Perth and Kinross was, and is, less urbanised than many other regions in eastern Scotland. The burgh of Perth was by the far the most significant post-medieval urban settlement, and at the start of the 17th century already had a lengthy history of occupation. In the late 17th century, Perth had about 4,000 residents (Whatley 2011, 42). The number of inhabitants increased over the course of the 18th century, and by the 1790s the burgh had a population of about 19,000. This rate of expansion was ‘average’ for a Scottish town of the period (Whatley 2011, 42). Perth’s medieval street plan provided the framework for the post-medieval burgh, and still influences the townscape today. However, alterations were made to the burgh’s layout in the 18th and 19th centuries. There were significant new developments on the outskirts at this time, meanwhile the construction of Smeaton’s Bridge (MPK3405) led to a redesign of the street plan in the north-eastern section of the historic burgh and the creation of what is now George Street. This reordering can be traced in historic maps, including a series by the Board of Ordnance engineers Lewis Petit and William Horneck (carried out in 1715–16) and Archibald Rutherford’s iconic map of 1774, which shows relatively limited expansion beyond the boundaries of the medieval burgh. Later growth beyond the medieval boundary is charted through the maps of Robert Reid (1809) and John Wood (1823), before the Ordnance Survey maps begin in 1859/1860.
The 18th and 19th centuries saw major changes to Perth’s architecture, and a number of medieval and 17th-century structures were swept away at this time. When Thomas Pennant visited Perth in 1769, he remarked that the burgh was ‘in general well-built’ although ‘in some of the lesser [streets] are yet a few wooden houses in the old style; but as they decay, the magistrates prohibit… rebuilding them in the old way’ (Pennant 1772). This period of ‘improvement’ has attracted a degree of historical attention, but more investigation of the physical evidence for the processes by which change was implemented would be beneficial (McKean 2011).
Further study of the significant public buildings constructed in Perth during the post-medieval period would likewise be desirable, with many of these structures still surviving. However, a proportion have been demolished and interdisciplinary research into these lost buildings could prove illuminating. A particularly notable loss was the late 17th-century tolbooth (MPK8697) which stood at the east end of the High Street, and was dismantled in the 1870s (Bowler 2004, 23). The tolbooth was replaced by Victorian Gothic council chambers (MPK10276) which continued to be used for municipal purposes into the 21st century.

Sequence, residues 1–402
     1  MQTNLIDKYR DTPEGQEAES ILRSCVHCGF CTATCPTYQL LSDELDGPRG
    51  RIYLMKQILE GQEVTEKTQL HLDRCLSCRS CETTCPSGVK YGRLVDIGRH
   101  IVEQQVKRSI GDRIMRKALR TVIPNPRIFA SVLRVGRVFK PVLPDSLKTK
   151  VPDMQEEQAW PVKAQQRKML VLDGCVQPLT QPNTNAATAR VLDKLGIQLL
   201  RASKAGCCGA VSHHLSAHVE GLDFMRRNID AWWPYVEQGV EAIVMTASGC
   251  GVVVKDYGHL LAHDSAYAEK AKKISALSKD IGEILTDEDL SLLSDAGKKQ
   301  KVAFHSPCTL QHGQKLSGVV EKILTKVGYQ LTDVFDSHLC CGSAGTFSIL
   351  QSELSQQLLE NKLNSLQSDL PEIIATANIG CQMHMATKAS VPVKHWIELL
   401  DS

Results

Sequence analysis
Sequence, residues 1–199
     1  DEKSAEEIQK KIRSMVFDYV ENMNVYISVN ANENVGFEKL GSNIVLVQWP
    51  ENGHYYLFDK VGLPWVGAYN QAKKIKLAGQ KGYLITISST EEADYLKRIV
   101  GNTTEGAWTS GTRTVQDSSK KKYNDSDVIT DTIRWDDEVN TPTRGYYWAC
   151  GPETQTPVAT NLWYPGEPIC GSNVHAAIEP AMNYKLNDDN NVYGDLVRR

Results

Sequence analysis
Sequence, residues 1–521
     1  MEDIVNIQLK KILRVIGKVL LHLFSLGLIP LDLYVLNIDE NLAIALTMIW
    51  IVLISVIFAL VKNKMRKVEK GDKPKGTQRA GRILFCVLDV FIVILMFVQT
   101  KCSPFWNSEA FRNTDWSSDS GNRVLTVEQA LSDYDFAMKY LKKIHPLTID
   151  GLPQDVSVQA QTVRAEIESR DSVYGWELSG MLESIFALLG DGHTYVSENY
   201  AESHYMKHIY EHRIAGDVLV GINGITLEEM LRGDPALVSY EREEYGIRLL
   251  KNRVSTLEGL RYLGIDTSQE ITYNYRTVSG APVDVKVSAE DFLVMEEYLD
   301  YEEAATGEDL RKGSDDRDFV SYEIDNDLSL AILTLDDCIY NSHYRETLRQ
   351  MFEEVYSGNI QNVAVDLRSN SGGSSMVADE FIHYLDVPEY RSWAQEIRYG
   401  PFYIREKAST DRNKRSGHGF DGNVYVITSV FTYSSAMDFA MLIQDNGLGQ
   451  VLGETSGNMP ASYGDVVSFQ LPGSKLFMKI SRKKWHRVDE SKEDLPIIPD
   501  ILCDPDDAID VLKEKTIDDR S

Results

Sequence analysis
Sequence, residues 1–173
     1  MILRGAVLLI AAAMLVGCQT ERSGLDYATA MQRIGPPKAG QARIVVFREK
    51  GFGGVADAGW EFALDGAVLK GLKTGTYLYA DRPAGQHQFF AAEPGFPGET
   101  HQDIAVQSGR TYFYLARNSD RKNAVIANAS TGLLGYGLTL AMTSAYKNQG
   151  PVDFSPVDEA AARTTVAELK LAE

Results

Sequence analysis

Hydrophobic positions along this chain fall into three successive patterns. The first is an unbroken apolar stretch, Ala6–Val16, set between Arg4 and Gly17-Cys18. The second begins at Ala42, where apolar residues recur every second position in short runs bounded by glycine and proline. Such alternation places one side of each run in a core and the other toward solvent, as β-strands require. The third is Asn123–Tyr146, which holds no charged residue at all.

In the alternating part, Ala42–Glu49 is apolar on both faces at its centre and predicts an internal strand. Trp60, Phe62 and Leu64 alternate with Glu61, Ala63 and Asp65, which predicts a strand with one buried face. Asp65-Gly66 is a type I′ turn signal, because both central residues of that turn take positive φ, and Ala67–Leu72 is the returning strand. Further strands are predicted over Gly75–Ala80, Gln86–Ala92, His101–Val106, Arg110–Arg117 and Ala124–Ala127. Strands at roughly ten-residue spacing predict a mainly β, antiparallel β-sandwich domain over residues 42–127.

Mention should also be made of the increasing 18th and 19th-century efforts to provide utilities such as clean water, sewers and street lighting. Of particular note is the remarkable former Perth Waterworks (MPK3453), its impressive classical architecture arguably indicating the status that the provision of utilities was accorded in the 19th century. Water supply became a particularly pressing public health issue as towns grew. In Perth the sand filters of an island and steam engines were initially used pump water into the town (Cameron 2007). In the later 19th and 20th centuries, the introduction of iron pipes allowed the use of gravity to bring water from reservoirs over greater distances. Greater study of the evolution of water and sewage arrangements in the region’s urban settlements would be desirable. During the 19th century, gas works also existed in many towns. These structures have been largely demolished in Perth and Kinross. However, Historic Environment Scotland has British gas records for a number of these sites, and interdisciplinary study of this aspect of the region’s past might be beneficial. Greater recording and study of the smaller structures associated with utilities in Perth and other urban settlements also needs to be undertaken.
Archaeological research into the experience of the less affluent residents of Perth should be another priority as, unsurprisingly, the poor and marginalised are much less well-represented in written evidence. As a burgh which underwent moderate urban growth during the 18th and 19th centuries, Perth provides an interesting comparison to the incredibly rapid expansion of cities such as Glasgow and Edinburgh. It is not at present clear how industrialisation and the creation of a consumer society impacted working-class living standards in places such as Perth, so many of our models for this period of change are based on rather different urban communities.
Perth and Kinross also had several smaller urban centres, like Aberfeldy, Dunkeld, Crieff and Coupar Angus. Despite the good work undertaken by the Scottish Burgh Surveys at the latter, these smaller towns deserve far more historical and archaeological research (Dennison and Coleman 1997). Many of these communities are currently undergoing significant development, and when opportunities arise for archaeological intervention, they should be seized. The 17th, 18th and 19th centuries are critical to understanding the evolution of the region’s smaller towns. Excavation and recording of standing buildings are likely to be key to enhancing our knowledge of many aspects of post-medieval architecture and daily life in this second tier of urban communities.